What Can We Learn From Comparing Gen Y and Gen Z?
Millennials are the largest cohort in the U.S. labor market, surpassing Generation X as of Q1, 2015, according to the Pew Research Center. And hot on their heels is Generation Z, those born between 1996 and 2010. The oldest Gen Zers are therefore in their early 20s and starting to just starting to enter the workplace.
Elizabeth Segran, writing for Fast Company, notes that to many – particularly Gen Xers and baby boomers – it might seem like there is little difference between Gen Y and Gen Z. Aren’t they both tech savvy and big into social media, etc.? “At 60 million strong in the United States, they outnumber millennials by 1 million,” she writes. “It would be easy to assume that they are just an exaggerated version of the generation that came before them, spending even more of their lives on social media, doing even more of their shopping online, and demonstrating an ever greater collaborative nicer nature,” says Segrans.
While there are certainly many similarities between Gen Y and Gen Z, there are some important differences as well. The time period in which these cohorts grew up has a lot to do with their personalities and their outlook on life and work. “Generation Z grew up in a starkly different historical context than millennials, which has given them a distinct outlook on the world,” says Segran. “Millennials were internet pioneers. They invented Facebook, shopped from their smartphones, and smoothly transitioned from satellite TV to Hulu and Netflix. Generation Z, meanwhile, doesn’t remember life without these basics of 21st century life.”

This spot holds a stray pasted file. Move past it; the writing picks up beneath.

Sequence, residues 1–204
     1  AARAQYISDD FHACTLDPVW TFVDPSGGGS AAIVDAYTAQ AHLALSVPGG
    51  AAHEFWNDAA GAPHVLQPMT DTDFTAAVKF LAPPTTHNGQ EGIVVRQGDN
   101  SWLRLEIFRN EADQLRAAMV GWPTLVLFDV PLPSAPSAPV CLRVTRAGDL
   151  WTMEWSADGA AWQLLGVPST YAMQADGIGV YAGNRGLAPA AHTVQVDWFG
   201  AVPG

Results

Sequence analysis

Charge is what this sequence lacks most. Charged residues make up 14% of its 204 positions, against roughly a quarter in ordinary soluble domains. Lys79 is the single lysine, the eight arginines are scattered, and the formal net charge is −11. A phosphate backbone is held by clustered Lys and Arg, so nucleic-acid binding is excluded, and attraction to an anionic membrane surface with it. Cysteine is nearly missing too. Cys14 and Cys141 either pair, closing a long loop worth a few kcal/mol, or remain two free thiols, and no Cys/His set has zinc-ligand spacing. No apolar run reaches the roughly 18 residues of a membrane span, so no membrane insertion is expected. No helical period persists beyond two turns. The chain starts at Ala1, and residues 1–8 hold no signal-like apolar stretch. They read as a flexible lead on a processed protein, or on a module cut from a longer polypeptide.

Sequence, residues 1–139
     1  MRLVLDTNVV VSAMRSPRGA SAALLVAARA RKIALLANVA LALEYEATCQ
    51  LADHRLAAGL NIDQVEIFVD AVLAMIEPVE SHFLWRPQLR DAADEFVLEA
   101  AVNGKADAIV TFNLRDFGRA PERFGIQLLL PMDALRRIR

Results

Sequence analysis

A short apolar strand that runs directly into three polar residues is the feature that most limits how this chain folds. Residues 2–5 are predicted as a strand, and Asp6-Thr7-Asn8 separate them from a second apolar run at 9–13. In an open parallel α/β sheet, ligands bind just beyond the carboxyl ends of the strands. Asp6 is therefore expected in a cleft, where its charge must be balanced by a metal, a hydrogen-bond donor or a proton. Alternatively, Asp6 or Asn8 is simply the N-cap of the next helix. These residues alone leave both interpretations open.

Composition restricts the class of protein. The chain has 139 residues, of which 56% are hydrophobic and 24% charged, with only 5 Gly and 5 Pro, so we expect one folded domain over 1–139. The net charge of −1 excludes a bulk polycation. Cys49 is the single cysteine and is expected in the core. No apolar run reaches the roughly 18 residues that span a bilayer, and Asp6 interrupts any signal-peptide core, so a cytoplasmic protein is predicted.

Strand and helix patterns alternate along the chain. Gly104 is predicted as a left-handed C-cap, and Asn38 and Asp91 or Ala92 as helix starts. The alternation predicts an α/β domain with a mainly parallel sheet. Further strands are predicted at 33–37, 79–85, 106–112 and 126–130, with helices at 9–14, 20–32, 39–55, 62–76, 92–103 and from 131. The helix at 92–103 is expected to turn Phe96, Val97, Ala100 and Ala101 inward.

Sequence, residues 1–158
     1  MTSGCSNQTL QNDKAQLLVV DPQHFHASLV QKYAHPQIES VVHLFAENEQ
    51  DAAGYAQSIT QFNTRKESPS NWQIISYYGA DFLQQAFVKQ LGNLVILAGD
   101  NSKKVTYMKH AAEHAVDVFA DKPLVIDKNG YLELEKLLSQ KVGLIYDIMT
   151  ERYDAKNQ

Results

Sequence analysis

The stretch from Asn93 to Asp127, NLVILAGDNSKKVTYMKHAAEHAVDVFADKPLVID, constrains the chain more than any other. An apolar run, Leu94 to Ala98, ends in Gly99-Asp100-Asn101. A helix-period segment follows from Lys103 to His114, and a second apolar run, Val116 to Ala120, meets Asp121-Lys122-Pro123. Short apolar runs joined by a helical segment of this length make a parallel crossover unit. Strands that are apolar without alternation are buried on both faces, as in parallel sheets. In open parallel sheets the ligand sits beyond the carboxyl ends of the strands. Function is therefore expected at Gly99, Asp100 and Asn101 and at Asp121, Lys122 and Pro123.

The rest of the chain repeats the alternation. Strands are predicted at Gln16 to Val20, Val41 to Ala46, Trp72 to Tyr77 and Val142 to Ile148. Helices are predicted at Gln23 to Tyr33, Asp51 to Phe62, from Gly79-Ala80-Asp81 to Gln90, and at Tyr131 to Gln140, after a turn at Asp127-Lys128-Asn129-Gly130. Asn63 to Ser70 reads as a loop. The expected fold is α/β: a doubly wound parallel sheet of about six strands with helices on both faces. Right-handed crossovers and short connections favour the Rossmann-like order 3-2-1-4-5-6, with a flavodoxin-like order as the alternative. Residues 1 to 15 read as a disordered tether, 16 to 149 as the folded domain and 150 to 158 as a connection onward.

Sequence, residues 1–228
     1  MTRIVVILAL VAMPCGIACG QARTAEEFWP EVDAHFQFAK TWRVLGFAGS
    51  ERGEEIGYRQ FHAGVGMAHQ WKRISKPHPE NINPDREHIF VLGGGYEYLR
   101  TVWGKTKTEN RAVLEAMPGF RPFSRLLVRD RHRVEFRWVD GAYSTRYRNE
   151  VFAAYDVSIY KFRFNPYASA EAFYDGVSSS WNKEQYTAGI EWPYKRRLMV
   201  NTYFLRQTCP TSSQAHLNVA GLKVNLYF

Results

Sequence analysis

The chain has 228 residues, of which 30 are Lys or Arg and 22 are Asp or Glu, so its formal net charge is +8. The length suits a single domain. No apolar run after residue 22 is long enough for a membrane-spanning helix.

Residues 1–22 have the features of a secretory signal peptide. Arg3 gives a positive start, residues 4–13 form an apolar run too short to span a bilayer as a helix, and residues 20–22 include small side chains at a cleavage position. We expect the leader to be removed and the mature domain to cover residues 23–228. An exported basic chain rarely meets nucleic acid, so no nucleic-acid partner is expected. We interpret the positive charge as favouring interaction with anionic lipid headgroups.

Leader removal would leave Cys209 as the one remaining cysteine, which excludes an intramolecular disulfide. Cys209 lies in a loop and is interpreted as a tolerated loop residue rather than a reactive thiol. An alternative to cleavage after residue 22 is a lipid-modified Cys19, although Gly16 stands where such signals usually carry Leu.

Taryn Oesch, writing for Training Industry agrees: “Not only are they digital natives, but almost three-fourths of 2017 college graduates have taken a digital or computer science class, according to Accenture. In an interview with SHRM, researcher David Stillman pointed out that “this is the first time we have the youngest generation as an authority figure on something really important.” Generation Z’s expertise in technology can and should be leveraged by organizations using knowledge-sharing tools.
The economic environment the two groups grew up in also has a lot to do with their outlook on establishing and maintaining a career. “Millennials came of age during a time of economic expansion and were shocked to find a diminished, unwelcoming job market after college,” says Segran. “Generation Z has been shaped by the recession and is prepared to fight hard to create a stable future for themselves.”
While it will take time to see how Generation Z deals with company loyalty and job-hopping, a diligent commitment to getting and holding a job might help them shed the stereotype of entitled job-hoppers that their older brothers and sisters in Generation Y have endured.
One of the best ways to gain an understanding of different generations and their world views is to consider the cultural and societal environments they grew up in. As Segran points out, millennials helped to elect a black president and legalize gay marriage. Gen Z, consequently, views these milestones as the norm.
Generation Y is now the largest cohort in the U.S. workforce, and their impact is predicted to continue to grow. They’ll be in our workplaces for many years yet to come. Nevertheless, as Generation Z begins looking for jobs, it’s important to understand how they compare and contrast with the most recent cohort to precede them. Importantly, we need to remember that this new generation is more different than many assume.